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Annals of Wealth: Nick Paumgarten Deconstructs the Economic Crisis

May 12, 2009

In_greed_we_trust Nick Paumgarten's piece in this week's New Yorker ("The Death of Kings," May 18, 2009) is long, detailed, and gripping, in the same way Greek tragedy often is. I'm guessing it was researched and written between November and February, a period when the global financial system was on the verge of collapse and the "green shoots" of the past few weeks were a distant hope. But whether you're a beginning-of-an-end type or, like me, an end-of-the beginning gloomster, it's an article everyone should read. Here's an excerpt:

This thing we're in doesn't yet have a name. It's variously called, in placeholder shorthand, the global financial meltdown, the financial crisis, the credit crisis, the recession, the great recession, the disaster, the panic, or the bust. It long ago metastasized beyond the subprime mess, which was merely a catalyst -- the first whiff, the last straw. A text-friendly acronym, ITE, for "in this economy," has started to get around, in sales pitches and head count meetings, but it doesn't do the work.

This thing is enormous and all-pervading, evolving and ongoing, history-altering yet in many respects banal. It is a persistent state, like the weather, or a chronic illness. In some circles -- financial professionals in Manhattan, regulators in Washington, central bankers in Europe, or the owners of cash-strapped businesses, to say nothing of the millions of people who have been laid off or whose houses have been foreclosed on -- this thing is, in its various incarnations, pretty much the only subject of conversation. The loss of a job, a home, a college fund, or one's dignity is both a symptom of the collective disaster and a contributor to its deepening. People assess their own exposure first and then, gradually, the implications for their friends, their town, the social fabric, and, in the darker hours, the fate of the American experiment.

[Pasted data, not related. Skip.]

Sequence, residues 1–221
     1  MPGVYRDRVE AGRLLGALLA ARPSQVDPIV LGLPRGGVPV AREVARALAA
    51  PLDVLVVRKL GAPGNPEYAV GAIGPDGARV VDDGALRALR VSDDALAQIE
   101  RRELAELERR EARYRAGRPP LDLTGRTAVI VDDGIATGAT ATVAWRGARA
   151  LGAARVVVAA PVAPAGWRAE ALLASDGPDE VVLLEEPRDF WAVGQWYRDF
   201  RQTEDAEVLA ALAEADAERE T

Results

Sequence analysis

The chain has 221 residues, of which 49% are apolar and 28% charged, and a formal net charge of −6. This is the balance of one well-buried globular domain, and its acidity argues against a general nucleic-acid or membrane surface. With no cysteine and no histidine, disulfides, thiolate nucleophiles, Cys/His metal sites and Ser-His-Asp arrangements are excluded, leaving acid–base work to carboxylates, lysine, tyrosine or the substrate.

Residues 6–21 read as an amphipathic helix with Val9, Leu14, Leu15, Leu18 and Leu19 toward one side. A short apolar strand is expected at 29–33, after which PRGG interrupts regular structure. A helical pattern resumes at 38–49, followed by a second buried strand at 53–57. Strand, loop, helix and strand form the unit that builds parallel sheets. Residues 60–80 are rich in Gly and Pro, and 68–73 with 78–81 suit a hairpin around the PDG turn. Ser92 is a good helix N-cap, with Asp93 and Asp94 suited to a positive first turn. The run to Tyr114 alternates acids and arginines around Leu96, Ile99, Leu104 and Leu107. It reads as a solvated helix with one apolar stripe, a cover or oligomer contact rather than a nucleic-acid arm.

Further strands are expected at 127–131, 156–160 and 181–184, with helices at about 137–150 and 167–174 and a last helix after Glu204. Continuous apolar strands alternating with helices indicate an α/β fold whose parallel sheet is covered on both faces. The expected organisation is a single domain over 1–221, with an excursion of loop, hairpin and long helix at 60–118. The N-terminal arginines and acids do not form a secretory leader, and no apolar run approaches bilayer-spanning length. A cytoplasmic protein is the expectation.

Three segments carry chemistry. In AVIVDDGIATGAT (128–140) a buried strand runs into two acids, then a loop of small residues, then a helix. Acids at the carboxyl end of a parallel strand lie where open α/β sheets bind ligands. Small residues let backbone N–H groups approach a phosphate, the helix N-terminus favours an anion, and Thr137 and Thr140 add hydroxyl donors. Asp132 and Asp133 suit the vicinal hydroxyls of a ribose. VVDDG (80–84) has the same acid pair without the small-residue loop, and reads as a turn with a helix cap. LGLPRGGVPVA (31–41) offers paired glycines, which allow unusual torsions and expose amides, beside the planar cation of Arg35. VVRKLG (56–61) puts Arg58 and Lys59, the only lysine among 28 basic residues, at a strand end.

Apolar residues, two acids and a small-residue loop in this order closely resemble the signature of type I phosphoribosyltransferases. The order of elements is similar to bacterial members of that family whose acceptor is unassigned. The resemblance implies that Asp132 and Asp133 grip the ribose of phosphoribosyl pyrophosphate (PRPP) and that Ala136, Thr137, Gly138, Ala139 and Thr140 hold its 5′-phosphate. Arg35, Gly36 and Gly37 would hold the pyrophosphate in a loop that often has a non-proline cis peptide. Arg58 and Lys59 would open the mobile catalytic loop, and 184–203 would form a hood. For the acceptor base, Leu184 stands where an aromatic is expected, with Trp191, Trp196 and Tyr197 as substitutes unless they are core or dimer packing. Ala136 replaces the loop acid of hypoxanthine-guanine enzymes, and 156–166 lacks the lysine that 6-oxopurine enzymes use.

In a way, the financial crisis is like a plague or war, except that the pestilence and carnage are metaphorical. Some have compared it to Hurricane Katrina, but Katrina occurred suddenly, and then all was aftermath. In this case, it's as though the levees failed anew every day. We stay on the porch, carrying on with our card game, in water up to our necks. War...fails as an analogy, too; there is no enemy to shoot at, and the destruction is so gruesome that it is hard to mistake wartime for normalcy. An economic meltdown can camouflage itself in the commonplace. It is more like radiation. It's everywhere, but you can't see or smell it....

Click here for an abstract of the article; the complete article is available only to magazine subscribers. Or you can buy a copy at your local newstand. (What a novel idea.)

-- Mitch Nauffts

Comments

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Agree. One of the best articles on the subject I've read and essential reading for Americans who truly want to understand cause and effect in lieu of stone throwing.

I probably fall into the "beginning-of-an-end type" camp, but Paumgarten's article
and Mitch's comments made me think of the charities for which a glimpse of "green shoots" may have come too late -- those that invested heavily with Bernard Madoff. That led me to the Web site of the Elie Wiesel Foundation for Humanity and this open letter:

"To Our Friends:

"We are deeply saddened and distressed that we, along with many others, have been the victims of what may be one of the largest investment frauds in history. We are writing to inform you that the Elie Wiesel Foundation for Humanity had $15.2 million under management with Bernard Madoff Investment Securities. This represented substantially all of the foundation's assets.

"The values we stand for are more needed than ever. We want to assure you that the foundation remains committed to carrying on the lifelong work of our founder….We shall not be deterred from our mission to combat indifference, intolerance, and injustice around the world."

The foundation took the high road in calling Madoff's treachery a fraud. And "in this difficult time" (ITDT trumps ITE), it chose to express, not anger or self-pity, but "profound gratitude" to its supporters.

Elie Wiesel is a survivor, maybe one of the most famous. Despite the gloomy, even ironic turn of events, the optimist in me has to hope the organization he founded will be, as well.

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